Saturday, March 14, 2009

Antibiotic use and our food, nytimes article, vet visits

A recent nytimes op-ed article about a small town doctor who noticed terrible rashes on his patients and then linked them to industrial hog farms on the outskirts of town was interesting to me.

here's the quote:

"So what’s going on here, and where do these antibiotic-resistant infections come from? Probably from the routine use — make that the insane overuse — of antibiotics in livestock feed. This is a system that may help breed virulent “superbugs” that pose a public health threat to us all. ".

There's a link to the full article at the bottom of this page.

For a small farm, veterinary visits are prohibitively expensive. If you've got a small pig that's not doing well you have two choices; either you treat it yourself, you kill it, or you let it die. A $150 pig isn't worth a $225 vet visit. It's a choice that I've had to make several times this year.

When you have laymen (and I include myself there) making treatment choices about animals, I often have no idea which treatment to use, or how much, or even if the treatment that I do decide on is efficacious. That's the reason that a veterinary goes to school for all those years.

So I've gone the complete other direction. I never treat any animal at any time. Two reasons: We use antibiotics too much now; and I have no trusted way to determine proper treatment. Yes, you can find information on the internet, but since anyone can write anything they'd like and post it, I cannot depend on it for life-and-death decisions. Students have even been failed for using wikipedia as a source.

When someone buys an animal from me, it's on that has never been medicated. No withdrawal periods, no wondering about doses, no issues with allergies or resistant strains. They're safe to eat at any time.

For lower cost animals, like chickens, this is pretty easy. It gets harder when you're talking about a sow that you've had for a couple of years. It gets even harder when you're talking about your beef critter, and I can't imagine the quandary when you're talking about your pet horse.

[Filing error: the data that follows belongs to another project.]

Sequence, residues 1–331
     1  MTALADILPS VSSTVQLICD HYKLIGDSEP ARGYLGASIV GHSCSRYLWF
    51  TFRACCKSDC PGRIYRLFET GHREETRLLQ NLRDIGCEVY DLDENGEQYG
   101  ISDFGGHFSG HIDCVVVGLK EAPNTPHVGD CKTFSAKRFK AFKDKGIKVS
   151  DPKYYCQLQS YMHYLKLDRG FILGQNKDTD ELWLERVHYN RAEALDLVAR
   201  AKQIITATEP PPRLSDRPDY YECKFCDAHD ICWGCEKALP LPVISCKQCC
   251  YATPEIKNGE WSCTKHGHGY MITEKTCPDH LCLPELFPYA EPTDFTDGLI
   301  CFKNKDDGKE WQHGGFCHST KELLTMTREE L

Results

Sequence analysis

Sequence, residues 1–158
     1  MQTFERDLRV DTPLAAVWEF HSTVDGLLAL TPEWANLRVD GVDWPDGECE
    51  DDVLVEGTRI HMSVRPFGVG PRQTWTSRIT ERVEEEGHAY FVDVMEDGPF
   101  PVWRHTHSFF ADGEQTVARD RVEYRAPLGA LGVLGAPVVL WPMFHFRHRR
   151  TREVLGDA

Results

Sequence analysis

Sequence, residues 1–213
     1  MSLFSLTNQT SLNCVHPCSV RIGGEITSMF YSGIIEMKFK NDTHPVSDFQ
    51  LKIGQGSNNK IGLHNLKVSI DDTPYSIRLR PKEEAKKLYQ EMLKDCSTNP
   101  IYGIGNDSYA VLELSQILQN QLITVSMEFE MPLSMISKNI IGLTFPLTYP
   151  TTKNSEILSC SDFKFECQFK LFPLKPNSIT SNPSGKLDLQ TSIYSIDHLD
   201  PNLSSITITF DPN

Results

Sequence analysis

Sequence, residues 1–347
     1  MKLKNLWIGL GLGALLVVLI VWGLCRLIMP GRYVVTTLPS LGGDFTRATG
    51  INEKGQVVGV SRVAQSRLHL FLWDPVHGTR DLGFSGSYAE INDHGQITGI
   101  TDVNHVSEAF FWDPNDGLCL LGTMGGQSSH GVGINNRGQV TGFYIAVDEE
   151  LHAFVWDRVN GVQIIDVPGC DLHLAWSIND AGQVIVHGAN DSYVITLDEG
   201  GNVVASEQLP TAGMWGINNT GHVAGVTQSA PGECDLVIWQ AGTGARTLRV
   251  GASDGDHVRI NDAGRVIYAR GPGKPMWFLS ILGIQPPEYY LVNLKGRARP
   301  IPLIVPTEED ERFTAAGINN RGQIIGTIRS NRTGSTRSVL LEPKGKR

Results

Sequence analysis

I also make this same choice about antibiotics in feed. I don't feed medicated chick starter, I don't feed medicated feed of any sort. It's precisely that sort of low-level antibiotic use that a major contributor to this issue.

It's a philosophical point, and I think an important one. It's time that we realize that antibiotics are a pollutant in our food supply that is causing side effects that are killing people now, and will only get worse.

Let me be clear -- holding this line means that I have to put down animals that I might otherwise save. That costs me money and heartache. But having looked at the alternative, I've decided that that's the way I'm going to go.

This isn't different from my previously stated viewpoint that animal welfare is top on my list. Part of my concern about welfare is human, and if livestock practices put humans at risk, my choice is pretty easy if I take a long view. Not so easy when I'm looking at the critter.

Ethics only count when it hurts. When I'm standing there with the gun and hating this I know I'm on safe moral grounds precisely because it does hurt me but I do it anyways, with no one watching.

you may have to register for free to read the following links.

nytimes article
Dr. Kristof's blog

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